Our Lord showed us how He measures our gifts – that He esteems them not according to the amount given, but chiefly according to the spirit which prompts the gift – when He drew attention to the poor widow who cast two mites into the Temple treasury. (Luke 21:1-4.) From the standpoint of His estimation, that poor widow had cast in a larger sum than had any of the wealthy who had given merely out of their abundance, and not to such an extent that they felt it. How many of the Lord's people would be more "fat" spiritually today, if they would give attention to the exercise of this talent, this opportunity for service, we cannot say. The Lord alone knows. But today's Study makes it incumbent upon us to point out a privilege in this direction which is within the reach of the very poorest of the Lord's people.


Seldom is it necessary to caution people against over-much giving. Yet in some instances such caution is proper; and in some instances in Scripture giving has been restrained. No one should give to the extent of causing privation to those dependent upon him. Nor should any one give to such extent as to bring upon himself financial bankruptcy and cause losses to others. The Apostolic rule for giving we have already quoted. The "laying by on the first day of the week" should be general – "according as the Lord hath prospered him." The degree of our prosperity should be the measure of our charity. Upon this, as upon every subject, the Scriptures inculcate the spirit of a sound mind.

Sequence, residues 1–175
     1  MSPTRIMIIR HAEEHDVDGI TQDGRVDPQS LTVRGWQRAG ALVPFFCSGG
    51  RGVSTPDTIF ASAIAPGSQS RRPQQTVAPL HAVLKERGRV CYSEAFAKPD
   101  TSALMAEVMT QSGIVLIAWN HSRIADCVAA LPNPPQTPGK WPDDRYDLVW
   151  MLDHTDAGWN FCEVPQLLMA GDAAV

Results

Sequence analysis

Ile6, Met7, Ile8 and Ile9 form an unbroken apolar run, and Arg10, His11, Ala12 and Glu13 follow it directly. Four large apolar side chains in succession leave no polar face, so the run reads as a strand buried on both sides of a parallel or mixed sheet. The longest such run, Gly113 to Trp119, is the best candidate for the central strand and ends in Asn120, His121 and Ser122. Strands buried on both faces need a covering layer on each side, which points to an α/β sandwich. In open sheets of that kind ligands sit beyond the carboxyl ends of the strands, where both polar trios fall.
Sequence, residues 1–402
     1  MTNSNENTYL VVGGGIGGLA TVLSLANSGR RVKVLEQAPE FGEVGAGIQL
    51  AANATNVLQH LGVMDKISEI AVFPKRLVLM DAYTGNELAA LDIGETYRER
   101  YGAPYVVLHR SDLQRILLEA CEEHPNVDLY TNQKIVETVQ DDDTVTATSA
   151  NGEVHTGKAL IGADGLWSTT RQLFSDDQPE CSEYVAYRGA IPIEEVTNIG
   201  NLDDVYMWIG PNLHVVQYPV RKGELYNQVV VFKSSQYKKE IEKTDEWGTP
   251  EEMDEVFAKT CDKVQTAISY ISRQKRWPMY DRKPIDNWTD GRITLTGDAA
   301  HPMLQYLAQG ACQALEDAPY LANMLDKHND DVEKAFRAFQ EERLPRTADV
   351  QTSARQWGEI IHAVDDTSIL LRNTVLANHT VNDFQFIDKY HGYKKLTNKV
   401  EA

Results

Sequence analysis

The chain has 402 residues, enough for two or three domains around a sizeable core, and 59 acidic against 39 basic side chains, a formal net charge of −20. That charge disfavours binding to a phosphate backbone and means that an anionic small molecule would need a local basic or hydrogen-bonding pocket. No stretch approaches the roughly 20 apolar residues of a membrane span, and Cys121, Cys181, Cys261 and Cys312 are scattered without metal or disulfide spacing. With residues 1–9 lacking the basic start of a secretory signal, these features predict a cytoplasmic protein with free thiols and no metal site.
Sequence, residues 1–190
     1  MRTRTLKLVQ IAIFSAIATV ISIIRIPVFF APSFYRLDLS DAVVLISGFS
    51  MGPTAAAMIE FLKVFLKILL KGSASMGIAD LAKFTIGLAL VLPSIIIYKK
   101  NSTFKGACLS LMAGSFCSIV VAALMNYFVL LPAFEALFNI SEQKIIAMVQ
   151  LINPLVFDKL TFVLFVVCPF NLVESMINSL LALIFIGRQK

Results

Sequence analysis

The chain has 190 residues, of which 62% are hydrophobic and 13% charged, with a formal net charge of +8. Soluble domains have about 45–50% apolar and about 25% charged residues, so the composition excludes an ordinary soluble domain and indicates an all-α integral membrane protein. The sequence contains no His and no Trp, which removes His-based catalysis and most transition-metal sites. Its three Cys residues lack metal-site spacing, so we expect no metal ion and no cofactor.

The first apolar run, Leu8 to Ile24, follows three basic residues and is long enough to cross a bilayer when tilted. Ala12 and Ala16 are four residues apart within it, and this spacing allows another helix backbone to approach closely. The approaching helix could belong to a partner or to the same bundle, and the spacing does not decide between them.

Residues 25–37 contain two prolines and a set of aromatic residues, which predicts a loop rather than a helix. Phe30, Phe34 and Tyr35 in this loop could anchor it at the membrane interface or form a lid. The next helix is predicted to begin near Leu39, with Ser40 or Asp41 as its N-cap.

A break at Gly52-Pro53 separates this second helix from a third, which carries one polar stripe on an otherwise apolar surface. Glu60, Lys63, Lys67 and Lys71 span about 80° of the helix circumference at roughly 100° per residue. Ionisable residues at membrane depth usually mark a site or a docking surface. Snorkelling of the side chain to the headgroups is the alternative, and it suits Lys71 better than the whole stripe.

"The Lord loveth a cheerful giver." Gifts bestowed in any other than a cheerful spirit might just as well not be given; for they will bring no blessing. The Lord does not appreciate such giving. In His estimation it has no "sweet odor." To be appreciated of the Lord, the gift must be a thank-offering, prompted by a realization of our debt of everlasting gratitude to Him from whom cometh every good and every perfect gift. And to such, the Apostle assures us, "God is able to make all grace abound." Whoever gives anything in the Divine service – time, talent, strength, money or influence – will find himself proportionately abounding in the different graces; for such are in the right attitude of heart to grow in grace.

The Apostle seems to imply that such will have "sufficiency in all things," as well as be able to "abound in every good work." Sufficiency may not mean luxury and every comfort; but "all sufficiency" is gained always where there is "godliness with contentment." In proof that he is inculcating no new theory respecting the Divine care over those who are seeking to scatter to others a portion of the blessings that come to them, whether temporal or spiritual, the Apostle quotes from Psalm 112:9.